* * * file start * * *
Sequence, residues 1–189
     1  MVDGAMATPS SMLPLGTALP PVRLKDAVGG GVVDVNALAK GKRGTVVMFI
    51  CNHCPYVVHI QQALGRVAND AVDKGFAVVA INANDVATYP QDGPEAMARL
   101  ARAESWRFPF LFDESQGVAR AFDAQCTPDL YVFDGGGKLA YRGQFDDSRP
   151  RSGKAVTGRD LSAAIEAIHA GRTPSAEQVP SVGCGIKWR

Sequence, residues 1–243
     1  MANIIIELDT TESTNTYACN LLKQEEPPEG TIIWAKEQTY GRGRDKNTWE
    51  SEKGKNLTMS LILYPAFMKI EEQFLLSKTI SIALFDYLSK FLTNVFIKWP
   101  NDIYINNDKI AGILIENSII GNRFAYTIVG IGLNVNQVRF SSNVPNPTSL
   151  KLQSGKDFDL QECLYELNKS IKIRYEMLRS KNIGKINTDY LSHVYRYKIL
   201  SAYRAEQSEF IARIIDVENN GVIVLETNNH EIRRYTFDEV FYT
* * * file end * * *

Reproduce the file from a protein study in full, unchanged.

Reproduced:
Sequence, residues 1–189
     1  MVDGAMATPS SMLPLGTALP PVRLKDAVGG GVVDVNALAK GKRGTVVMFI
    51  CNHCPYVVHI QQALGRVAND AVDKGFAVVA INANDVATYP QDGPEAMARL
   101  ARAESWRFPF LFDESQGVAR AFDAQCTPDL YVFDGGGKLA YRGQFDDSRP
   151  RSGKAVTGRD LSAAIEAIHA GRTPSAEQVP SVGCGIKWR

Sequence, residues 1–243
     1  MANIIIELDT TESTNTYACN LLKQEEPPEG TIIWAKEQTY GRGRDKNTWE
    51  SEKGKNLTMS LILYPAFMKI EEQFLLSKTI SIALFDYLSK FLTNVFIKWP
   101  NDIYINNDKI AGILIENSII GNRFAYTIVG IGLNVNQVRF SSNVPNPTSL
   151  KLQSGKDFDL QECLYELNKS IKIRYEMLRS KNIGKINTDY LSHVYRYKIL
   201  SAYRAEQSEF IARIIDVENN GVIVLETNNH EIRRYTFDEV FYT